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While the Paul S. Russell Museum of Medical History of Innovation has become host to Mass General’s flu shot clinic, staff have set up a mini-exhibit of historical health posters for patients to enjoy while they wait. Eight reproduction posters from different decades display public health messages, ranging from a 1918 poster reminding people to cover their coughs so they don’t spread the flu, to a 1994 poster proclaiming pizza and boomboxes “in” and smoking “out.” The posters were developed by state and local governments or the federal government, and one was designed by an artist funded by the Works Progress Administration, a New Deal program during the Depression.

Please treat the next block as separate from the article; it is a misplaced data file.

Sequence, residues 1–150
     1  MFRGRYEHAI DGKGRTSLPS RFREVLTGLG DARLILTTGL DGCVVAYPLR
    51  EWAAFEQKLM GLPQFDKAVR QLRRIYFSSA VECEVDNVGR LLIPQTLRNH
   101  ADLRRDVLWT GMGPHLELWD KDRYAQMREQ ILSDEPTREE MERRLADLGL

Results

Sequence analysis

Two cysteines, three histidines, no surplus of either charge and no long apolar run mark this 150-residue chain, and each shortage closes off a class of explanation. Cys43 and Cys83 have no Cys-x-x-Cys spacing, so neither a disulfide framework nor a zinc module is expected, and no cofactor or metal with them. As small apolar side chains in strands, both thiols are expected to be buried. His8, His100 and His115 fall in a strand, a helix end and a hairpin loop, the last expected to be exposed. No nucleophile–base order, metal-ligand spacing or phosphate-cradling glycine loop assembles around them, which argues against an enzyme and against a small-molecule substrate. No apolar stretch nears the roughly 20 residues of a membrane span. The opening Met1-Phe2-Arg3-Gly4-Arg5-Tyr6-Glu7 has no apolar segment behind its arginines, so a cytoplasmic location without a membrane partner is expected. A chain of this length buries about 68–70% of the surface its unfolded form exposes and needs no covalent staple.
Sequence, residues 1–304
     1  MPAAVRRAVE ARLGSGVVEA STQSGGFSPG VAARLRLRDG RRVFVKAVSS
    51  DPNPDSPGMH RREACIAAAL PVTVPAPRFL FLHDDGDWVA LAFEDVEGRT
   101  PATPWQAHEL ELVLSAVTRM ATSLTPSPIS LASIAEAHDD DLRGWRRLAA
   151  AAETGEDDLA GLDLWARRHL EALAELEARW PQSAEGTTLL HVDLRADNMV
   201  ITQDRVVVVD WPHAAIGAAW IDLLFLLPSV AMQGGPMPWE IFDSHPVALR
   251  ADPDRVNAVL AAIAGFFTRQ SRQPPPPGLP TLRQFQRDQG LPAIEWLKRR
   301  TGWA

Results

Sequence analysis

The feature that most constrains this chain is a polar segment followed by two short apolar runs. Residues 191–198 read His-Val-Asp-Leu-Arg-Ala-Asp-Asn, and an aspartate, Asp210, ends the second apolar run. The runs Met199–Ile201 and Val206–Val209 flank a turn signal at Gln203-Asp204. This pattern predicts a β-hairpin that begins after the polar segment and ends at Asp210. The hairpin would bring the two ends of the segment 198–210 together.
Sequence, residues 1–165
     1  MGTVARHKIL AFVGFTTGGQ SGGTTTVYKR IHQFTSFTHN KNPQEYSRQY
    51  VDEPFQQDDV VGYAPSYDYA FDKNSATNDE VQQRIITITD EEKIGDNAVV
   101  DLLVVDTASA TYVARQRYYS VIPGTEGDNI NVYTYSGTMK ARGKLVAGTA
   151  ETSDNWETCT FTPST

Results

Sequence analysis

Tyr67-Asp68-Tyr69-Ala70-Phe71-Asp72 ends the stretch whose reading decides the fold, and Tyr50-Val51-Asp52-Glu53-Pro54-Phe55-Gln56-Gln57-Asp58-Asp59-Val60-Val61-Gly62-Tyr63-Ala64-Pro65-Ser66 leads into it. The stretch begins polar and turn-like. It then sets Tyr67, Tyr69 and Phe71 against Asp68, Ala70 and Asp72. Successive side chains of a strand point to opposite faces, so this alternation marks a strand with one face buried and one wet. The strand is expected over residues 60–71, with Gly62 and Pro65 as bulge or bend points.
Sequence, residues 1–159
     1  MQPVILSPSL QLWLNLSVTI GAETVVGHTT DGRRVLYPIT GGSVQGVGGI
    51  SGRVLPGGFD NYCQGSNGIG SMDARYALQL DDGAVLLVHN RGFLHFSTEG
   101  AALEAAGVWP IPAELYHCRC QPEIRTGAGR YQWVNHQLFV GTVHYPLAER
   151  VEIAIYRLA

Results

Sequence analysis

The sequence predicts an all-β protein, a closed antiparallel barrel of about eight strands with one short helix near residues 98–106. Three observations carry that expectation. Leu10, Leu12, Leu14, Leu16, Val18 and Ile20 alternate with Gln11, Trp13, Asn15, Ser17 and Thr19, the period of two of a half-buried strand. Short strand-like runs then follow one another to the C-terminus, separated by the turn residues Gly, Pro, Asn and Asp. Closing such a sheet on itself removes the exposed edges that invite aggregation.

Some posters share information that present-day viewers are used to seeing from public health campaigns. For example, two are about the importance of vaccines. Some of them show their age a bit more, such as the one recommending that every home have a “sanitary unit” (an outhouse). Another poster reminds viewers that insects can spread disease. Since this concept was only proven in the late 19th century, the early 20th century audience would not have found this obvious.
The Russell Museum is currently only open for the public flu shot clinic through Dec. 12. Posters will be on view through the end of the clinic. Visit https://www.massgeneral.org/news/flu for operating dates and hours.
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